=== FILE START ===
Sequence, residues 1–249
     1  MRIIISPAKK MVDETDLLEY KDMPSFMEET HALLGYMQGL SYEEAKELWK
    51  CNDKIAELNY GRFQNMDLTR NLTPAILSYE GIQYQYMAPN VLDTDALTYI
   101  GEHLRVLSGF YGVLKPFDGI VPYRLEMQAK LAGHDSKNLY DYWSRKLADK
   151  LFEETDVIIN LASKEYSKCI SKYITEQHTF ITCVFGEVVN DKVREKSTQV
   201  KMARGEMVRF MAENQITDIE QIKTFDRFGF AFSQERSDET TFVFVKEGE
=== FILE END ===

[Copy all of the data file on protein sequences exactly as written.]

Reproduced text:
Sequence, residues 1–249
     1  MRIIISPAKK MVDETDLLEY KDMPSFMEET HALLGYMQGL SYEEAKELWK
    51  CNDKIAELNY GRFQNMDLTR NLTPAILSYE GIQYQYMAPN VLDTDALTYI
   101  GEHLRVLSGF YGVLKPFDGI VPYRLEMQAK LAGHDSKNLY DYWSRKLADK
   151  LFEETDVIIN LASKEYSKCI SKYITEQHTF ITCVFGEVVN DKVREKSTQV
   201  KMARGEMVRF MAENQITDIE QIKTFDRFGF AFSQERSDET TFVFVKEGE